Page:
Outsourcing and offshoring have been part of the business toolset for some time. The security risks associated with outsourcing and offshoring should now be well understood and easy to mitigate. Indeed, the Information Security Forum Benchmark Survey consistently shows outsourcing to be an area of strength in security controls. So, time to relax then?
Hardly. Outsourcing and offshoring risk assessment and mitigation are areas of strength because we understand that the risks, when information is processed by a remote third party, are different. They might be higher, and they could be lower - in both cases outsourcing and offshoring demands, and usually gets, our attention.
But as we move into a brand new world of uncertainty the business pressures change. Previously marginal benefits from outsourcing may now look positively attractive to an organisation seeking to conserve cash. New variations of outsourcing - such as cloud computing - may sound attractive and be a compelling business proposition. And the business wants to act now.
And there lies the problem. Consistently the biggest information security problem associated with outsourcing has been in being late to the party. Finding out about the outsourcing deal after it had been signed, not being invited to participate in the vendor assessment process and realising that security was not part of the deal.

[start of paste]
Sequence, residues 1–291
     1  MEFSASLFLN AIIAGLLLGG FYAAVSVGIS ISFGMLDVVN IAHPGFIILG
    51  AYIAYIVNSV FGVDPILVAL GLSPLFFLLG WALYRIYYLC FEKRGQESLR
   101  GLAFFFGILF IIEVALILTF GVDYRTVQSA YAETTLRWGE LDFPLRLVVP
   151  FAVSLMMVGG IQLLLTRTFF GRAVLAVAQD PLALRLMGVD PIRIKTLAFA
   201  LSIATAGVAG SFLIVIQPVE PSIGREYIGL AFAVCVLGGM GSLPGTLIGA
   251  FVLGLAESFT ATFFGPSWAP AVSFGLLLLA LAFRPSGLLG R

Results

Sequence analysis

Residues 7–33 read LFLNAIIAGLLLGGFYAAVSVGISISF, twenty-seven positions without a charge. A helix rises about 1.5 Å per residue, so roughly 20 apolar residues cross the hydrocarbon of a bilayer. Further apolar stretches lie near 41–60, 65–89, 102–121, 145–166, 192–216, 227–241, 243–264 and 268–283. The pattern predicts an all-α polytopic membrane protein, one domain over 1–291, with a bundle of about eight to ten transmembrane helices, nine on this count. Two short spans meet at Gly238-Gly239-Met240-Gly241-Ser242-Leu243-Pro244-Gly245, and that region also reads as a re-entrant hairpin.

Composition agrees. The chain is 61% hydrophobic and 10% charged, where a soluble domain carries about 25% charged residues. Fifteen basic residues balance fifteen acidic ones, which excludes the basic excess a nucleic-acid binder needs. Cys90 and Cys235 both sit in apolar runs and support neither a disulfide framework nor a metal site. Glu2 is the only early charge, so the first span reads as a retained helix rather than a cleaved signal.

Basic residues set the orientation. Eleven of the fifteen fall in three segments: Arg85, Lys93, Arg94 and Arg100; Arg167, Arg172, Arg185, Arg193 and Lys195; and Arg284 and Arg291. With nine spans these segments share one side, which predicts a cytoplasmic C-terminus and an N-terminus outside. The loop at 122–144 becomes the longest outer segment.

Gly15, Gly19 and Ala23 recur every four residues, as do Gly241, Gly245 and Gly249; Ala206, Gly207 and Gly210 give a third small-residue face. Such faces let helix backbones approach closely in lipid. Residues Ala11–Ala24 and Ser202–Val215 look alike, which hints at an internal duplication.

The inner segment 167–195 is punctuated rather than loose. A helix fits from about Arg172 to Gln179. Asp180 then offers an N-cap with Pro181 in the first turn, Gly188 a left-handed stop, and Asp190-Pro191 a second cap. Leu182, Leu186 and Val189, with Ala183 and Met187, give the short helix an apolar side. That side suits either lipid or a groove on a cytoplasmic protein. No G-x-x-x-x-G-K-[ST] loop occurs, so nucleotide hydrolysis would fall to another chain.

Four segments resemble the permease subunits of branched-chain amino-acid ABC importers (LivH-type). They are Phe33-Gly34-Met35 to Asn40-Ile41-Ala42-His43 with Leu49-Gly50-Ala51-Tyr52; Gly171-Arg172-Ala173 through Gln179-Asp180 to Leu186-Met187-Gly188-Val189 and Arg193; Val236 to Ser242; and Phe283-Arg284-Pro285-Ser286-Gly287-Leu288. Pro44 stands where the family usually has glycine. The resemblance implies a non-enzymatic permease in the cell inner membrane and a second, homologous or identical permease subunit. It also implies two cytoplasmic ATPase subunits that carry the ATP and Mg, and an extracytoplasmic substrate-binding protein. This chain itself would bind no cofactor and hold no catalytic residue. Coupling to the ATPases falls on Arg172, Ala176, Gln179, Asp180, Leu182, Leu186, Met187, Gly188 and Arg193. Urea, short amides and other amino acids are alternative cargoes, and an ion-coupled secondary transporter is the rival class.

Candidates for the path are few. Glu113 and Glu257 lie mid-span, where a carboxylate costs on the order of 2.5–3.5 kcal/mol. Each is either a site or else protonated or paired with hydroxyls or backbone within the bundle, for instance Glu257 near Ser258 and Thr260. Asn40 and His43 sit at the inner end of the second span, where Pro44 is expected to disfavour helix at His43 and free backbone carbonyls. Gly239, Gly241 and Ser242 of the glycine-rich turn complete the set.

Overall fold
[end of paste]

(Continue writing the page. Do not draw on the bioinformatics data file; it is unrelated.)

Outsourcing deals tend to be long term, and managing security in a long term outsourcing relationship is a specialised skill involving contract management, service monitoring and establishing working relationships. In addition to acquiring these (sometimes) new skills, information security professionals can find it harder to understand the security status of an outsourced operation.
It is often difficult enough to identify security metrics that the business understands; to conduct a covert investigation; to ensure that everything is patched when the IT operation is in house. If it is run by a different company where the servers are on the other side of the world (and it may be that you don't actually know where they are) then the day job can be much harder.
So what to do? Understand: that security in an outsource requires specialist skills; the criticality of the systems that are being outsourced; how security works in a shared environment. Be assured of the ability of the outsourcer to recover your systems from a disaster, and know how you would maintain service if your outsourced service terminates early or unexpectedly.
But above all, get to the party early and avoid the hangover.
Andy Jones, is principal research consultant at the Information Security Forum.
This was first published in June 2009